Wednesday, December 5, 2012

Reponse to “It’s Time to Free Rosa Parks from the Bus”

               I found this article detailing Rosa Parks’ work during this Civil Rights movement to be truly eye opening. The author does a great job in the opening by detailing the commonly held view that Rosa Parks was a normal black woman who brought to light many of the injustices that were happening throughout the country. McGuire easily dispels this myth by giving a brief history of Parks’ life as a child, and the views that were instilled in her by her grandfather. What I found interesting about this article was the mention that some groups have attempted cite Mrs. Parks’ story of a white man trying to rape her as a work of fiction, which led me to the question: Why would anyone discount this story from such a historical figure? My conclusion is that this story conflicts with the classical portrayal of Mrs. Parks as a passive woman who one day decided to resist oppression.
                In my mind, Parks’ historic bus ride is what I think most people view it as, that she was tired after a day of work, and simply wanted a seat on the bus. Additionally, I pictured her as an inconsequential elderly African American woman who one day decided that after a life of oppression, decided to take a stand. I think that one of the reasons that she has been portrayed as something of a leader was that she was not someone who would do such a thing, that she would either go to the back of the bus and stand there, like she was supposed to. On this day, however, this was not the case and she decided to rise up and fight against injustice. In my opinion, this seemingly spontaneous activism is what made Rosa Parks such a figurehead. It would not be too far a stretch of the imagination to think that when African Americans throughout the country saw a seemingly passive, elderly black woman rising up against persecution, then of course they could too.
I think that Parks essay detailing “Mr. Charlie’s” attempted rape and her conviction to die before he got what he wanted shows that she was anything but passive. This is of course not to say that women who are raped, and don’t die, are passive. Rather it is to show her aggressive denial of injustice, and I think that this is why some of these groups attempted to cite her story as a work of fiction. With this story it makes it seem that Rosa was not just an ordinary woman, but one who will fight tooth and nail against her oppressors. Furthermore, she will die before her tormentors get what they want. I think that these groups credit her essay as a work of fiction, because it makes it far more difficult to view her as a common, oppressed African American woman who was a symbol of resistance.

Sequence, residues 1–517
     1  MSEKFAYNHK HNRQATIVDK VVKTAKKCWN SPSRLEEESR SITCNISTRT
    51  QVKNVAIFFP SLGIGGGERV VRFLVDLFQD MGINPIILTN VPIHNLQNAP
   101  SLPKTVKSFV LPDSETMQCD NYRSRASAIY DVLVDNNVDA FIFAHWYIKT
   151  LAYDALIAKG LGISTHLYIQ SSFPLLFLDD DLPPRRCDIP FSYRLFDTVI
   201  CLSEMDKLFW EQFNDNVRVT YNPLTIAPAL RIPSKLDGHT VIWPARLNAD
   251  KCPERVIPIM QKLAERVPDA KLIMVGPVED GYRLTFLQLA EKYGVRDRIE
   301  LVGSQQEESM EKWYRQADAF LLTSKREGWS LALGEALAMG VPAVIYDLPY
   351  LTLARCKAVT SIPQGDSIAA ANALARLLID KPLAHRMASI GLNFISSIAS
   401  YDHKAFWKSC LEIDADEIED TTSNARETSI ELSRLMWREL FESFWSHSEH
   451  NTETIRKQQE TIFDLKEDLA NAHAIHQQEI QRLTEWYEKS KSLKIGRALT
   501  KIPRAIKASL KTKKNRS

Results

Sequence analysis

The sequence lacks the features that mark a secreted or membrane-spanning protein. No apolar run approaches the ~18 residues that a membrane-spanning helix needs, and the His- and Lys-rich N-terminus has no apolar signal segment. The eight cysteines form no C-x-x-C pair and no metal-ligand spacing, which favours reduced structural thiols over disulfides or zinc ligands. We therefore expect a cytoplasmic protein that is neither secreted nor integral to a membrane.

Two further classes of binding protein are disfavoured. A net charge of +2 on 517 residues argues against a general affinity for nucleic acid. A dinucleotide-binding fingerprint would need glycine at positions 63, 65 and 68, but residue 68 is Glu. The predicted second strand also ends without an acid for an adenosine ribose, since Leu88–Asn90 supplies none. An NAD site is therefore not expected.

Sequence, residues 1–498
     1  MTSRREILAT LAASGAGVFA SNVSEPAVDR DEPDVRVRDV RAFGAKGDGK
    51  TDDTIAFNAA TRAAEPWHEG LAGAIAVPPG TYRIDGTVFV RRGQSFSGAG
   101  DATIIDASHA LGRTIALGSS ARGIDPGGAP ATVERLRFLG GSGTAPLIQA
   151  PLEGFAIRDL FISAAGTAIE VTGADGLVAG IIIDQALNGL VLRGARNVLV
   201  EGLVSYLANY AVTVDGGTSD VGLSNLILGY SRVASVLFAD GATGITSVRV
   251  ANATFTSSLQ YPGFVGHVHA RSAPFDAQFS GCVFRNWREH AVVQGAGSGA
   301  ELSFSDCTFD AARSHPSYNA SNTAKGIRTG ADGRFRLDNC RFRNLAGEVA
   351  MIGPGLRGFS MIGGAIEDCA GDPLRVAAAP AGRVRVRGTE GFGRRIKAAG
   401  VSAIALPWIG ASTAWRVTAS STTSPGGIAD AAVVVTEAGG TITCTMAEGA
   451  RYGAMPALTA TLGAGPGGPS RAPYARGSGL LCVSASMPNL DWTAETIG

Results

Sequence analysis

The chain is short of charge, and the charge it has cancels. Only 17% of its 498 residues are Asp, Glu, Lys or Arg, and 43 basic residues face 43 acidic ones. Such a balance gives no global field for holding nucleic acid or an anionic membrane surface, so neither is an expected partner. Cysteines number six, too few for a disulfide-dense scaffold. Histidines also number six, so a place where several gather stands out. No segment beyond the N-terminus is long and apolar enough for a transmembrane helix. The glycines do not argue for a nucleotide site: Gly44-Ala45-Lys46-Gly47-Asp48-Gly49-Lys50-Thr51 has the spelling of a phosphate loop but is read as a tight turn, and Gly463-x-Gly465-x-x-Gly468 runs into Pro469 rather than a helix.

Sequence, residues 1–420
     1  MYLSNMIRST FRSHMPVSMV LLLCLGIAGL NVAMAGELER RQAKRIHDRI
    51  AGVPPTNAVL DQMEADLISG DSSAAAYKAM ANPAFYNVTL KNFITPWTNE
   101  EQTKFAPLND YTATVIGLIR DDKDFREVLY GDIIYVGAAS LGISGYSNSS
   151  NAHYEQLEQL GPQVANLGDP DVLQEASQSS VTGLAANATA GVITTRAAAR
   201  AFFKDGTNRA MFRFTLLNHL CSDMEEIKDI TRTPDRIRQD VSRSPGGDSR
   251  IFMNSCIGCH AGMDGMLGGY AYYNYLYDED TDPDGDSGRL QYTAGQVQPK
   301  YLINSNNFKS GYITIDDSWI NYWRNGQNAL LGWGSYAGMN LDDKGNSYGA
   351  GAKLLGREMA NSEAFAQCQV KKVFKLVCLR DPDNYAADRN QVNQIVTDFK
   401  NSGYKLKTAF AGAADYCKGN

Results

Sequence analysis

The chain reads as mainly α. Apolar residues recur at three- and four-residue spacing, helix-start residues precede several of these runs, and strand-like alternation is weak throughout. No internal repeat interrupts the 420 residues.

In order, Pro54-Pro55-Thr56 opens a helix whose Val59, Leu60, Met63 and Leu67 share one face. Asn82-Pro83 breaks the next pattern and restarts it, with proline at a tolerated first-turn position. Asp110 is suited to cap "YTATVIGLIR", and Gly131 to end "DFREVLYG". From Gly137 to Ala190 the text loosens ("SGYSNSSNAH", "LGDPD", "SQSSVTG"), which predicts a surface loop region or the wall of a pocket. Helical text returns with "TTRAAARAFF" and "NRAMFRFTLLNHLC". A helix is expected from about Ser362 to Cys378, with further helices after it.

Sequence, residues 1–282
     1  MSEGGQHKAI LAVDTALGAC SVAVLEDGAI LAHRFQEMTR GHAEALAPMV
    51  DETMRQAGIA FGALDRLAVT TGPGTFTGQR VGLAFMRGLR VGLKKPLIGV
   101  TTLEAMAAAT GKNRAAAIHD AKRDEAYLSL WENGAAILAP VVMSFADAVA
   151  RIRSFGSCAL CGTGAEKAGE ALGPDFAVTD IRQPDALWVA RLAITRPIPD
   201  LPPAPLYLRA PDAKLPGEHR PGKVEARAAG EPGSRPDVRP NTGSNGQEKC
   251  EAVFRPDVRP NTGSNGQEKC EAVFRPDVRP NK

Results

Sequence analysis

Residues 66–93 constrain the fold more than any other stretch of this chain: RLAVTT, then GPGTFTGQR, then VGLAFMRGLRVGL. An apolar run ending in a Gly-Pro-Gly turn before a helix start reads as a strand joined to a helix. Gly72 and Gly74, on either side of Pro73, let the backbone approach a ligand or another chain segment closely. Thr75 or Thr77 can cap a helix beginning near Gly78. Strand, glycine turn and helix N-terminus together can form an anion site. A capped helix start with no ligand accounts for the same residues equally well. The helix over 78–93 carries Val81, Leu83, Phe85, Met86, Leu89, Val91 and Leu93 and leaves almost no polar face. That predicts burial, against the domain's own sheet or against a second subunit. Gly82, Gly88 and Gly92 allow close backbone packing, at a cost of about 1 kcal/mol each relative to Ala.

1 comment:

  1. Jay, I also think this article is an interesting critique to the popularly held understanding of who Rosa Parks was. Just like nearly every other historical figure, as we saw in Jefferson's Pillow, there is always more to the person than it seems. I think you are spot on, the portrayal of Rosa Parks as a tired, elderly woman, was definitely promulgated by Civil Rights leaders because it is such an empathetic and compelling image and story.

    As an aside. One of my roommates is from Montgomery, Alabama and I was telling him about our class and he told me that when his father was a child he went to the dry cleaners where Rosa Parks worked every week and she always gave him candy. History comes to life!